A man who owned a South Carolina counseling service was sentenced to five years in prison on charges of Medicaid fraud in November 2019. The 38-year-old man owned New Dominion Community Services, which operated offices in Greenville, Anderson and Richland counties. The service was an approved provider under South Carolina's Medicaid program. However, in addition to claims for legitimate services, the man reportedly submitted false claims between 2015 and 2017 for counseling services that were never provided, receiving $400,000 in unearned Medicaid reimbursements from the program.
After an investigation by the state Attorney General's office, the man was arrested and charged. The man reached an agreement with prosecutors on the Medicaid fraud charges, pleading guilty in April to obtaining property under false pretenses, a felony charge. The charge can carry up to a 10-year prison sentence, but he was sentenced to five years as part of the agreement. State officials praised the sentence, saying that the man's offenses cheated taxpayers. They also urged that it be considered a deterrent for other providers considering submitting false billing to Medicaid. The man's attorney said that his client will be paying back as much money as possible.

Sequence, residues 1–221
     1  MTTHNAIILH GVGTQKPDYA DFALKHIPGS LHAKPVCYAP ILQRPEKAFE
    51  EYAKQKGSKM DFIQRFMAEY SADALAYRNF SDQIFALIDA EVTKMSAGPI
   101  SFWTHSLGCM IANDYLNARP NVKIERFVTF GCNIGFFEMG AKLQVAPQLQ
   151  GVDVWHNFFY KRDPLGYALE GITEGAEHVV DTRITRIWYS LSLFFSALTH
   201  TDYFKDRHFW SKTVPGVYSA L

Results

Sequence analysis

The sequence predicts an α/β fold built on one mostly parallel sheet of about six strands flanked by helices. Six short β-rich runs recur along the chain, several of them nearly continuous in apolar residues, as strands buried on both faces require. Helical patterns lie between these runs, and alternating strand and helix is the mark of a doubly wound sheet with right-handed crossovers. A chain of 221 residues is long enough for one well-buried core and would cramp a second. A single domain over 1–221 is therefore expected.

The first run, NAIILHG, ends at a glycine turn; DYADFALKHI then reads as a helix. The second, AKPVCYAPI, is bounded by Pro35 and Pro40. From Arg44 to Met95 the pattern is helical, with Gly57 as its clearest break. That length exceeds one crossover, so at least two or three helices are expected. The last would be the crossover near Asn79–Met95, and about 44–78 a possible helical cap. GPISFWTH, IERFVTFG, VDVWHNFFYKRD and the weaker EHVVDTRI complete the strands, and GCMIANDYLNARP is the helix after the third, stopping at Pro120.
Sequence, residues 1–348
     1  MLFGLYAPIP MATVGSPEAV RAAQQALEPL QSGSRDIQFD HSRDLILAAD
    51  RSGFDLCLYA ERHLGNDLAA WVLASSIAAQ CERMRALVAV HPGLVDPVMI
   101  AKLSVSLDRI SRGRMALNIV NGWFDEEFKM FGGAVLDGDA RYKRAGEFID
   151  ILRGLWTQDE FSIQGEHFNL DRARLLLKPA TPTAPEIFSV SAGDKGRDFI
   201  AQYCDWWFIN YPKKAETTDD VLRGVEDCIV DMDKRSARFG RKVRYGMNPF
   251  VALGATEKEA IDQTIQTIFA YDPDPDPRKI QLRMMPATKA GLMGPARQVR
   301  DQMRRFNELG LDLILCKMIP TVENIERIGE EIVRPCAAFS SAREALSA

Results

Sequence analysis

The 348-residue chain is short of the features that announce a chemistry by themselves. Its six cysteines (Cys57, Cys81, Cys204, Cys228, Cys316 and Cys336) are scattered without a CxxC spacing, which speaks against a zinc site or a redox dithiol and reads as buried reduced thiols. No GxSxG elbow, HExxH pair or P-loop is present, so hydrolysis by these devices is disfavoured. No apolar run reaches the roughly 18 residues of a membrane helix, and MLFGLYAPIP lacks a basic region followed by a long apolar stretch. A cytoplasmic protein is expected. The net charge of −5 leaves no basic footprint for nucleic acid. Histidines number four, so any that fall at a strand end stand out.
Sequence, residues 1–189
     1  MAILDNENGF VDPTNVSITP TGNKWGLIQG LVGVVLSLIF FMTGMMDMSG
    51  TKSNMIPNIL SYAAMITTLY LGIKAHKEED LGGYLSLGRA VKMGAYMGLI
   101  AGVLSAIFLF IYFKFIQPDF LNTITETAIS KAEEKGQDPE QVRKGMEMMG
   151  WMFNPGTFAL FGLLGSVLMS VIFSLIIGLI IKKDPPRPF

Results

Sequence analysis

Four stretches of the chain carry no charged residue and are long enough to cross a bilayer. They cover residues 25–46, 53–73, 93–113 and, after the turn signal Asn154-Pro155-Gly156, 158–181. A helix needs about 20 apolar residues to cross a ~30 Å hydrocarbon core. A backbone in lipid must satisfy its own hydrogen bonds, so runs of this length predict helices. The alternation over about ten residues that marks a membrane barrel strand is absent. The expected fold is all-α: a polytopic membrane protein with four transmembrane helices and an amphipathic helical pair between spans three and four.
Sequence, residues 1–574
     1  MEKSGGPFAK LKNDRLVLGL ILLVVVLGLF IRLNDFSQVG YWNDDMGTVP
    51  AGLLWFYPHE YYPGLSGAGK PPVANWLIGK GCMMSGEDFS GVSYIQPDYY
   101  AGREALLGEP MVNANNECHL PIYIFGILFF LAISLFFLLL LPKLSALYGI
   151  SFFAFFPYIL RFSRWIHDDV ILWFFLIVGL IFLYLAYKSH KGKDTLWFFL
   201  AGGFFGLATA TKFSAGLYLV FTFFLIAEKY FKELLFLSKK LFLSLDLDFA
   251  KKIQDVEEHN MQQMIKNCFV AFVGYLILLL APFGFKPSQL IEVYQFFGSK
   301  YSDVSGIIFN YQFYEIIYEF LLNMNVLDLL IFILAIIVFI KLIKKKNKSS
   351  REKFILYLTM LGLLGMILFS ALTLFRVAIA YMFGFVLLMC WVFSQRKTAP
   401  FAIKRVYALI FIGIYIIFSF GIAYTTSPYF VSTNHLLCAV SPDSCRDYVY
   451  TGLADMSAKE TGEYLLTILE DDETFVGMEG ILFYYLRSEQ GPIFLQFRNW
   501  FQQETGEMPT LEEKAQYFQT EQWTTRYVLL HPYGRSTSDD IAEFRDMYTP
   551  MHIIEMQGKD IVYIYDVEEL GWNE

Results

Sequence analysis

Investigation and prosecution of Medicare and Medicaid fraud at both the state and federal levels has escalated. Public exposure of major fraud cases have highlighted these issues, especially as expanded public healthcare programs are the subject of political debate. As a result, various agencies have poured funding and resources into investigating and prosecuting white collar crimes linked to healthcare billing and insurance fraud.
Professionals who are accused of Medicaid fraud or who are facing investigation for issues related to fraud might benefit from reaching out to a criminal defense attorney. A lawyer may be able to challenge prosecution assertions, resolve cases without formal charges and minimize the risk of a felony conviction.